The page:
Down under in Australia, the crypto lending group Helio Lending got a bit of a slap on the wrist for playing fast and loose with the truth. Yep, they claimed they had a local credit license when, in fact, they didn’t. Naughty, naughty!
The bigwigs over at the Australian Securities and Investments Commission (ASIC) shook their heads and handed Helio a “be-good-or-else” bond. If you’re scratching your head, it’s basically a promise to be on their best behavior. And it’s worth a cool 15,000 Aussie dollars (which is about $9,600 in Uncle Sam’s money). But get this: if they break that bond, it’s game over.
Now, don’t get it twisted. This whole “be-good-or-else” bond is like a get-out-of-jail card. They’re often given out for the smaller oopsies, not the big blunders. And if Helio behaves, they won’t have to cough up a dime. Lucky for them, ’cause the penalty could’ve been a whopping $160,000! Yikes!
The fib? Helio announced in a 2019 news snippet on their site that they had this Australian credit license. But, no cigar! ASIC didn’t let that slide and pulled them into the principal’s office.
But, in a surprising twist, Helio owned up to it, pleading guilty. Maybe that’s why ASIC decided to go a bit easy on them. One of the charges got dropped like a hot potato.
Melbourne-based cryptocurrency lender Helio Lending Pty Ltd has been sentenced to a non-conviction bond for falsely claiming that it held an Australian credit licence when it did not https://t.co/GwrQ5VbRBf pic.twitter.com/gOsHHp02xL— ASIC Media (@asicmedia) August 17, 2023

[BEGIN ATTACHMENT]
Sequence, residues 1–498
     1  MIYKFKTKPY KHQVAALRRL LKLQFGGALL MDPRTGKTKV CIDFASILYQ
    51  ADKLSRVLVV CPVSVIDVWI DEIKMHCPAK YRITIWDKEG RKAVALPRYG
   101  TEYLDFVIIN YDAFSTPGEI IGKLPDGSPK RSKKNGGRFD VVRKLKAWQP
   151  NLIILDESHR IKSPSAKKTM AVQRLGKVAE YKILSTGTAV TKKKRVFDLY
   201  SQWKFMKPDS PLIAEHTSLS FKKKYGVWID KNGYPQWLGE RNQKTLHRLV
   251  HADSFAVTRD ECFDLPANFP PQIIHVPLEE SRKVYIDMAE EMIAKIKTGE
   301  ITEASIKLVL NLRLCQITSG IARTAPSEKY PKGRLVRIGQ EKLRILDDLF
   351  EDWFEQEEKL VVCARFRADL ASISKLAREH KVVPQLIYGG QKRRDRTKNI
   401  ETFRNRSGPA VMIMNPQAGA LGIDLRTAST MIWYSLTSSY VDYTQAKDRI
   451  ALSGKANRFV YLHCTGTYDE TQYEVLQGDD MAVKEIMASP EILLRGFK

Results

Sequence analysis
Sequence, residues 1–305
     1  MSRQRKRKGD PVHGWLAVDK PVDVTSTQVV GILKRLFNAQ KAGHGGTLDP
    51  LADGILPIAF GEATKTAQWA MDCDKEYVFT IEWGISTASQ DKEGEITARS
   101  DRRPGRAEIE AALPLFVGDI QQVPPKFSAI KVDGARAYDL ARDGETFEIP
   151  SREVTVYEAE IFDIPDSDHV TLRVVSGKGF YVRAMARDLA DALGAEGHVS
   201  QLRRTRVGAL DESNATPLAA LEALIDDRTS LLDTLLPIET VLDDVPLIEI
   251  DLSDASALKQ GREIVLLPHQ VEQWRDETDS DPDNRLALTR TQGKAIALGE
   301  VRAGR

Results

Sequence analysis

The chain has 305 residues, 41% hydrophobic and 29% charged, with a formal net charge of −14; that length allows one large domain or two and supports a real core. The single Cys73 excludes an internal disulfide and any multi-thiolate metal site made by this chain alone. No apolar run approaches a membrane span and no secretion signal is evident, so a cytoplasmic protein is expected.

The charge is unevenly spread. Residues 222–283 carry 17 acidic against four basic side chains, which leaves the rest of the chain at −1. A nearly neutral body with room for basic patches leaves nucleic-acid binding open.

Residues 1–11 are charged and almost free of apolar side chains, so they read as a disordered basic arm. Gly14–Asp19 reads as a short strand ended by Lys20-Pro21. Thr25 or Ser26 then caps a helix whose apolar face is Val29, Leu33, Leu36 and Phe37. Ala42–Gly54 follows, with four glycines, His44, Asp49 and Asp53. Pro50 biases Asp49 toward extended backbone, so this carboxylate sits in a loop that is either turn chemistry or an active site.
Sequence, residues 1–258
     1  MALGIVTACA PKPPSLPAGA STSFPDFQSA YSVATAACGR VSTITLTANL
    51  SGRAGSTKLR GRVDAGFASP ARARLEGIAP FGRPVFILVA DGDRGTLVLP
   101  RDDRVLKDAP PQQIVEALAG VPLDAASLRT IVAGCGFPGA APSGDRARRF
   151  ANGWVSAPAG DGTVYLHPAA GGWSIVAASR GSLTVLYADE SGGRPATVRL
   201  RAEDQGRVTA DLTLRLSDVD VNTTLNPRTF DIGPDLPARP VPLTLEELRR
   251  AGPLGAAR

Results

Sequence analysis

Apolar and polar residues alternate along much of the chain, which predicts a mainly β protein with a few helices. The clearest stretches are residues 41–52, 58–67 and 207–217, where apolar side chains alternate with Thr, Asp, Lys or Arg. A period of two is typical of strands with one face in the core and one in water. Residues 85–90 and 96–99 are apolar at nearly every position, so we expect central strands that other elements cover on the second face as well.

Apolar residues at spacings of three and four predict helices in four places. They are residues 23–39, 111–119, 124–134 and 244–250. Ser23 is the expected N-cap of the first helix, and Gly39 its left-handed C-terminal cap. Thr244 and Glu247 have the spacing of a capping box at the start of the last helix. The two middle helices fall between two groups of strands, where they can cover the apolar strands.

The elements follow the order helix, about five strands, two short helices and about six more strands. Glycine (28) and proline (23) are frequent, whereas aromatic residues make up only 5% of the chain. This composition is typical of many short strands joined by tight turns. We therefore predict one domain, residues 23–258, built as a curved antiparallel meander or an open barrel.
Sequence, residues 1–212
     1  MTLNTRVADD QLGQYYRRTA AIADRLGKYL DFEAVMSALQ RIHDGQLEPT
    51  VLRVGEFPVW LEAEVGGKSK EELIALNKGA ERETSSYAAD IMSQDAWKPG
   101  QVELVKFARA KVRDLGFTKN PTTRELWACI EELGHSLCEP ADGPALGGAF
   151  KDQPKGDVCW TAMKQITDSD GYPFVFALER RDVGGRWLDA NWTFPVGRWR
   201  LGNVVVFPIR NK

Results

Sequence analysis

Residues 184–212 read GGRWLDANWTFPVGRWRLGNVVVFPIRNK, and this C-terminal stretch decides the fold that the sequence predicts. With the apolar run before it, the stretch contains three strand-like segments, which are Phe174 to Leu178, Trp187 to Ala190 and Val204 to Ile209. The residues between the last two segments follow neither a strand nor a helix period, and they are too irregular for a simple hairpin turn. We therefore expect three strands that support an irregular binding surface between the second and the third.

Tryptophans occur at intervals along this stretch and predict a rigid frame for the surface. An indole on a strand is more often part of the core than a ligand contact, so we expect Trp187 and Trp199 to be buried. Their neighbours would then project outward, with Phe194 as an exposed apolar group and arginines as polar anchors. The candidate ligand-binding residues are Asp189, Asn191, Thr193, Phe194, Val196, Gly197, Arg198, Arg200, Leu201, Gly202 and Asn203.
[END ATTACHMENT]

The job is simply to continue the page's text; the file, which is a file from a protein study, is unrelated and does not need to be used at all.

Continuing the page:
By the way, here’s a tidbit for you: Helio isn’t just any ol’ lender. They’re all about crypto-backed loans. And they’re the Aussie arm of the big US crypto company, Cyios Corporation. Oh, and these guys are gearing up to launch a new platform called Randombly for those flashy nonfungible tokens everyone’s raving about.
But back to ASIC – these watchdogs have been on a roll lately. Earlier this month, they took a shot at the trading platform eToro. They reckon eToro’s checks and balances were a bit wishy-washy when it came to offering certain contracts. And last December, Finder.com got a piece of ASIC’s mind too. They got into hot water for not having the right license for one of their crypto products.
All in all, it’s clear as day – if you’re in the crypto biz in Australia, you’d better play by the rules or be ready to face the music!